A piano plays. We see a montage of faces. Happy faces. Perhaps, the happiest faces that have ever been happy before.
“Imagine having the power to make everyday moments more meaningful,” the screen reads. What is the secret? What ancient wisdom do they know that we do not know?
Two minutes of art-directed perfection later, we find out. The answer is Kohler’s new smart line of “Konnect” bathroom products. This voice- and gesture-controlled smart mirror, shower, bathtub, faucet, and, most of all, toilet promise to not just make your life better, but flood your psyche with nonstop waves of ecstasy from the moment the plumber tightens the final bolt on your porcelain throne.
We meet two young women who stand in front of the mirror, doing their makeup for what is surely their first school dance. A mother steps in behind them. Their mother? A stranger? The soul of Amazon Alexa herself, who is trapped for eternity inside the mirror like a ghost? No one knows.
“Alexa, turn the lights to 100%” she commands, and the girls’ faces are flooded with pure sunlight, warm honey trapped in photons, the purest light that has ever shined upon a youthful face. They react with glee to Thomas Edison’s scientific miracle, now able to inspect their pores with the power of a semi truck’s foglamps firing from three feet away.
Ghost mom departs. Her watch has ended.
A new dad lets out something of a growl crossed with a yawn. A grawn. He has a face that’s honest in the way that faces are at 3 a.m. when one is woken by a hungry, crying baby–it’s a face that admits to itself, “Maybe I shouldn’t have done this, maybe kids weren’t for me, maybe I wouldn’t have spent all last weekend installing a new kitchen sink if I’d never moved to the suburbs.”
New Dad cradles his newborn son, and whispers to the faucet as the glow of the moonlight filters through the window. “Pour eight ounces,” he says, swallowing his emotions down deep. The faucet dutifully fills his baby’s bottle with breast-warm water–or perhaps, vodka for New Dad’s own consumption–and everything is suddenly alright. New Dad and the faucet are becoming fast friends. Perhaps one day they will be something . . . more.
A woman lays in a bathtub while it snows cotton-light bubbles. She is surrounded by a Mayan tomb’s worth of solid gold tiles. And the gold is not the most luxurious thing in the room; it’s the fact that this bathtub “auto-filled” itself.
She exists on a spiritual plane beyond relaxation. Her face captures an entire life of good memories, lived at once, and every single one of those good memories is about this bathtub. You can tell. You can just tell.
A porcelain doll–nay, a young girl–grins. Why could she be smiling? We’ll tell you why.
Her name is Emily. And Emily’s warm seat is ready.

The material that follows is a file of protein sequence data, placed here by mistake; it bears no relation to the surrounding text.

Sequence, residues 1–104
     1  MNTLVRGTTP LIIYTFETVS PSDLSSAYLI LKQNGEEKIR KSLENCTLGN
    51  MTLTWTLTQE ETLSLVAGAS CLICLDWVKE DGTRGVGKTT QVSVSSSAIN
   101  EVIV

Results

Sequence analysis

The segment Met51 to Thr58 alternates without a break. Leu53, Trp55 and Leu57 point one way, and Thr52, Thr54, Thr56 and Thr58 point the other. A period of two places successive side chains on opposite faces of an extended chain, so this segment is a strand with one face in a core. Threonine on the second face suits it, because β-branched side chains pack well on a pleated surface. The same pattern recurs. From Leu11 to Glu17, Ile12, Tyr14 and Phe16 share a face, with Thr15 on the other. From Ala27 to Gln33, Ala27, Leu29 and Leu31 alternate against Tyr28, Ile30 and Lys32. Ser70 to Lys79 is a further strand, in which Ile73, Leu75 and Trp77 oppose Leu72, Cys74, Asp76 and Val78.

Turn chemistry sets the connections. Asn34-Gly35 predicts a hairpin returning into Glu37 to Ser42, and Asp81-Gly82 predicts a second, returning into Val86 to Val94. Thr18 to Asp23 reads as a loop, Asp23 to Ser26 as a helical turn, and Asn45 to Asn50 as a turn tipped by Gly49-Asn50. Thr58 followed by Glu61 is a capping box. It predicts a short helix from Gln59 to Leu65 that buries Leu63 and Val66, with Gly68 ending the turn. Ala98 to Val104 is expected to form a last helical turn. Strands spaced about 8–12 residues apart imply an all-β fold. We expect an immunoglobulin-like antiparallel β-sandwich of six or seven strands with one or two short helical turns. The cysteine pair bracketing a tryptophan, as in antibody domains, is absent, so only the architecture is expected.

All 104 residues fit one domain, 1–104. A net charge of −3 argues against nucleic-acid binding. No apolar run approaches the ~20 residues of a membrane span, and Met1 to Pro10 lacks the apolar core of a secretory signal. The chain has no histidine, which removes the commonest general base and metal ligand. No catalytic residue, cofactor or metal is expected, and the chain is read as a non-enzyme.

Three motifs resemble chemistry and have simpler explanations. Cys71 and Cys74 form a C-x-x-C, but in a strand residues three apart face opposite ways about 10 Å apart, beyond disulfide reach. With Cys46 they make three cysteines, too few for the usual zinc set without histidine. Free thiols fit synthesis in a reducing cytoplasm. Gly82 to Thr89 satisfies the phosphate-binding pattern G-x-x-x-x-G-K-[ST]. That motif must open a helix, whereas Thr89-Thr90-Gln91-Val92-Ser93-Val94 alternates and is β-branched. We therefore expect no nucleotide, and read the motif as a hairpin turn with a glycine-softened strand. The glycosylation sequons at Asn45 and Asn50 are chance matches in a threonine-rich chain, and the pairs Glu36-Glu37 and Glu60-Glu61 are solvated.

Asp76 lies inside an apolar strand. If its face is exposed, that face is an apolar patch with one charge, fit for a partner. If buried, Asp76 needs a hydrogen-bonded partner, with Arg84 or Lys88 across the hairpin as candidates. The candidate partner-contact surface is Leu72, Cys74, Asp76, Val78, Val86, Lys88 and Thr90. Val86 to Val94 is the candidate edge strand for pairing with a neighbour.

Emily’s warm seat is comfortable, sure, if the feeling of a thousand fireflies glowing a millimeter from one’s derriere could be translated into a crude and oversimplified emotion. But Emily’s warm seat also bends all rules of physics. It allows defecation through several layers of clothing. And it requires no wiping.
Only now are we beginning to witness the true power of Konnect.
A very real mom claps as if summoning a lap dog. This moment isn’t about you, Emily’s mom. It’s Emily’s time to shine.
But a child’s eyes are wide, and habits are easily learned. Now Emily believes that one must always clap to flush a toilet. This is, admittedly, is something of a blue note in Kohler’s opus.
“Start post-workout shower,” a man whispers to his own jawbone. But look closely, and you will notice, the water is already falling. He seems to be taking a shower before his post-workout shower, which opens the door to only two enthralling possibilities.
1. It is perpetually raining inside any Kohler bathroom, and not just a little bit, but with the same subaquatic sexual tension as the romantic climax from director Joe Wright’s 2005 adaptation of Pride & Prejudice.
2. The shower was the workout.
We now recognize that Jawbones is no ordinary male, but a fully ripped Gillette Mach 3 razor of distilled testosterone. And in this brief lull, we have a moment to reflect as to whether Jawbones might just be the same person as the regretful vodka father we met earlier. Is working out in the shower now his only escape from a mistake he must take with him to the grave? If so, let us say: It. Is. Working.
Now that our blood is pumping at maximum flow, we are ready to embrace the full power of Konnect.
A woman walks into the bathroom wearing satin pajamas. The sleepwear flutters across her skin; she doesn’t know where she ends and the warm exhalation of her lover begins.
And that lover is a toilet.
I want you to look at this woman’s expression right now and be completely honest with yourself. When is the last time another human being looked at you that way? When was the last time you felt the unbridled acceptance of a foreign body in space and time?
The toilet exhales upon her toes as her soul shivers. This is what it feels like to be alive. Truly alive.